Americana Roots highlights the freshest and most original Americana and bluegrass from across the pond in the US. It covers everything from brand-new, just out of the box bands, to cult favourites, to established acts who have yet to reach the UK’s shores. The Jon Stickley Trio, an acoustic-trio from North Carolina, delivers an inventive approach to bluegrass disguised with musical experimentation that straddles the chasm between the traditional and the progressive with a powerful grace.
Name: Jon Stickley Trio
For Fans Of: Bela Fleck, Tony Rice, New Grass Revival
Hometown: Asheville, North Carolina, USA
Band Members: Jon Stickley (guitar), Lyndsay Pruett (fiddle), Hunter Deacon (drums)
Discography: ‘Jon Stickley Trio’ (2012), ‘Triangular’ EP (2016), ‘Lost at Last’ (2015), ‘Maybe Believe’ (2017), ‘Scripting the Flip’ (2020)
Background: “I think what it comes to is that it is all Folk music. It’s music for the people. It’s a sound, but it’s also a community and a way of life,” explains guitarist Jon Stickley, of the Jon Stickley Trio, about the explosion of roots-based music. “Success of bands like Mumford & Sons, and The Avett Brothers proved that mass audiences were really receptive to the sound of banjo and fiddle. I think people are drawn to it like they are drawn to Jazz, because they realize it is a very serious art-form, with very deep roots. It’s fairly easy to learn how to play, but virtually impossible to master.”
For Stickley he is closer to mastering that sound with most, with his innovative, flat-picking style that easily melds genres into a hard to define sound that is continually breaking new ground. Stickley first cut his teeth and honed his unique style as part of a college scene in North Carolina that would produce future members of Leftover Salmon, the Steep Canyon Rangers, Mandolin Orange, Town Mountain and many more. He would also log time in the short-lived, but seminal Broke Mountain Bluegrass Band that featured Andy Thorn from Leftover Salmon, Travis Book from the Infamous Stringdusters, Anders Back from Greensky Bluegrass, and mandolin-wizard Robin Davis. Following the dissolution of Broke Mountain, Stickley played bass with Town Mountain, but knew he wanted to get back to playing guitar.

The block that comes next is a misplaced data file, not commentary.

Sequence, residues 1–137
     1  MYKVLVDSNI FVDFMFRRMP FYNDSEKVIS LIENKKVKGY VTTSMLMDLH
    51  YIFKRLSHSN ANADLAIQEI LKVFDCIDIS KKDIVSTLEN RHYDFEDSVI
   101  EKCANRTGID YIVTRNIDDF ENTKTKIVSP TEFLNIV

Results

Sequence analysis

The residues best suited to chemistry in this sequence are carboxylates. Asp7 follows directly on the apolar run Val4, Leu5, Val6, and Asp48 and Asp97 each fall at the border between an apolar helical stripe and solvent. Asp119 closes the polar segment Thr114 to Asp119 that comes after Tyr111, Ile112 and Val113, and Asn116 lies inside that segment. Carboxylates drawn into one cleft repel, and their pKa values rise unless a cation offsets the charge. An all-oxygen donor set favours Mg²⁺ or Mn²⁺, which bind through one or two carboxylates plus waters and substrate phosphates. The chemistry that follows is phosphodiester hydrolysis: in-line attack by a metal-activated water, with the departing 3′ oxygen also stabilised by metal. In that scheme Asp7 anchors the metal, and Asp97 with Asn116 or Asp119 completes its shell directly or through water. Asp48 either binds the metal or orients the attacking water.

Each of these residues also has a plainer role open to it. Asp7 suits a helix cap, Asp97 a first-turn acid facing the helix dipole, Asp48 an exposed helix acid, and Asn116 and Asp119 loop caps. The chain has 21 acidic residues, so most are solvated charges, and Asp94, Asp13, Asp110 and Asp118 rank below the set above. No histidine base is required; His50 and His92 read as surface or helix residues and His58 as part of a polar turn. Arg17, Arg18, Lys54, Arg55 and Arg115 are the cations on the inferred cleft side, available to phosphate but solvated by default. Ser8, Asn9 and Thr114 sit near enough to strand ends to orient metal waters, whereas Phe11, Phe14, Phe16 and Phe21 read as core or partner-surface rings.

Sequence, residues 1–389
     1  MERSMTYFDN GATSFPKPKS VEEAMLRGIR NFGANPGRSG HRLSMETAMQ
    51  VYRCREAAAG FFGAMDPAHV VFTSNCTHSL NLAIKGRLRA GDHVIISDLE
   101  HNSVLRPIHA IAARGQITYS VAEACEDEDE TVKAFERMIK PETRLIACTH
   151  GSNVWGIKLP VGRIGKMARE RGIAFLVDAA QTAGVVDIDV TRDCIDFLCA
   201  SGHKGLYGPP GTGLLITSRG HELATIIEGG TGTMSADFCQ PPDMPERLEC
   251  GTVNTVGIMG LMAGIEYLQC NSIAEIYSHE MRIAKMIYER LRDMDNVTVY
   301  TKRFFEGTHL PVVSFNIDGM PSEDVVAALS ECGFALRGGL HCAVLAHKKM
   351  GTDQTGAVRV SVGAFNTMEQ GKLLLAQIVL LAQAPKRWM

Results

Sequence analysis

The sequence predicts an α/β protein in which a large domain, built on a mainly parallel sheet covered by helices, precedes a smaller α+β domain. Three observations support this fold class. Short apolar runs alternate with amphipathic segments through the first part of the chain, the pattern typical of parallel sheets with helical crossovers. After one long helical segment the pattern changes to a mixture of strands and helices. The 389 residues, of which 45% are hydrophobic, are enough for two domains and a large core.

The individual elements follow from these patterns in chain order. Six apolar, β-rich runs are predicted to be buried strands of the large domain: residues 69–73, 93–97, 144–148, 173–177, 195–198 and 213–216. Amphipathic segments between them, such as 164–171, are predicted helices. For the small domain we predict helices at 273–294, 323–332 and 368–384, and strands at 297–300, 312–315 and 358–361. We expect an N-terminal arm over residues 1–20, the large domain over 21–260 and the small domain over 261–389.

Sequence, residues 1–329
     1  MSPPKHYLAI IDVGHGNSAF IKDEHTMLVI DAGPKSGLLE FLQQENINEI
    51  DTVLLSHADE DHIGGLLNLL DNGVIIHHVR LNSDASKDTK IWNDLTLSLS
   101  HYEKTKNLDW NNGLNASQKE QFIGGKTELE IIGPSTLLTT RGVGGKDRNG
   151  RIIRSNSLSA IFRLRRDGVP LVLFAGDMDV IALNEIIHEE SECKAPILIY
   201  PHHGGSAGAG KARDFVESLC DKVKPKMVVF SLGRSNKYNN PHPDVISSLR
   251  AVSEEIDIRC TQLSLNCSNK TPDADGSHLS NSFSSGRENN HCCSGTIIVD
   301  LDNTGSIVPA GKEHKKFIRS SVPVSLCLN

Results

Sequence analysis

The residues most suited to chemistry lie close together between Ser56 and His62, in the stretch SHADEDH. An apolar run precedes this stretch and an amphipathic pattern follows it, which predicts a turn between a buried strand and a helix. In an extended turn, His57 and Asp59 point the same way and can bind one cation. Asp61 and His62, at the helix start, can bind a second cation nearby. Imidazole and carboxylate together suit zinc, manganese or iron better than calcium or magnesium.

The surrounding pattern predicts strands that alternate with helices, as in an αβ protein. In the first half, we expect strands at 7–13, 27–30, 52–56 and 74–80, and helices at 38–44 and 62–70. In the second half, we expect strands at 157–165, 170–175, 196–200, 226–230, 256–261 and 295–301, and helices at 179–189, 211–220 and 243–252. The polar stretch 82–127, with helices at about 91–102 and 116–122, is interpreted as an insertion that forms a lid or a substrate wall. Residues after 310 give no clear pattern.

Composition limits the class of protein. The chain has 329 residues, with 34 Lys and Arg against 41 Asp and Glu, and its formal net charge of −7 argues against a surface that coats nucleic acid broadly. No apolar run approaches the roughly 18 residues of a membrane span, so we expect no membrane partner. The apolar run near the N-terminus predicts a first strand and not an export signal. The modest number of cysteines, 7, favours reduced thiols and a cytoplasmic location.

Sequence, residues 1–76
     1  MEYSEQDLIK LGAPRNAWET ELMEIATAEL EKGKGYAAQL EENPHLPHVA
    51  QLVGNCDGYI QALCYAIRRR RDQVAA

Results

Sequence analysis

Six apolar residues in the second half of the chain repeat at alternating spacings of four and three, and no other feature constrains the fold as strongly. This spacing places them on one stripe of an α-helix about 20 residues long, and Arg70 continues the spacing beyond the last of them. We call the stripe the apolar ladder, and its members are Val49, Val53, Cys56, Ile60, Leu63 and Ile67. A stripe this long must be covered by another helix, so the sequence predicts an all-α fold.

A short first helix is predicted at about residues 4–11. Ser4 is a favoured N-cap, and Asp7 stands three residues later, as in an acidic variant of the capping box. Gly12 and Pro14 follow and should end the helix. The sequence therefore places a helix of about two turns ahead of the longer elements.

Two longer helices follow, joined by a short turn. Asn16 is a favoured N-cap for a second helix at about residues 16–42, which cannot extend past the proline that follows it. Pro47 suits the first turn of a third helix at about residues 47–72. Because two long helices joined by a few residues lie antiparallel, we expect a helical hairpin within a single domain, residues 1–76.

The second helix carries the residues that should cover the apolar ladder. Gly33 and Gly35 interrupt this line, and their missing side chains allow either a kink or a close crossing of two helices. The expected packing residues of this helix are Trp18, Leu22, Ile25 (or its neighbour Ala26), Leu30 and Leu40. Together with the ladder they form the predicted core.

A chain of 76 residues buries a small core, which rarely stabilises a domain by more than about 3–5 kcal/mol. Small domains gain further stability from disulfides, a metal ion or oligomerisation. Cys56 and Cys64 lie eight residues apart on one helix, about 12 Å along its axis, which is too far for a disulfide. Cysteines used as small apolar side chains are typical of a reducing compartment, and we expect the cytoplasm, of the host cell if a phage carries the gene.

Stickley began organizing shows when home from tour-dates with Town Mountain with local musicians. He soon met fiddler Lyndsay Pruett and the two clicked instantly. The pair bonded over local gigs and late-night picking parties and decided to start their own band. “After some experimentation,” says Stickley, “we really started having fun playing with a drummer. After a few different drummers, four albums, and a lot of touring, we landed on Hunter Deacon who rounds out our current lineup.”
The addition of Deacon solidified the experimental sound of the Jon Stickley Trio that has bluegrass at its core, but trends into otherworldly, sonic realms. This growth, experimentation, and development of the band’s bluegrass-inspired progressive approach is best exemplified on their latest album, 2020’s ‘Scripting the Flip’, a high-octane, musical adventure that dips and dives through classic fiddle runs and explosively charged flat-picking guitar, backed by a pulsating funk drum, that still stays true to the band’s bluegrass roots.
“Since the Trio is such an atypical instrumental band, we are able to incorporate pretty much any musical ideas we want, without having to ascribe to a certain sound or genre. We experiment a lot,” explains Stickley. “We embrace some elements of music that are very non-bluegrass, and we hope that those elements may be able to grab a listener’s attention and draw them in before they realize that what they are listening to is actually very bluegrass.”
What They Sound Like: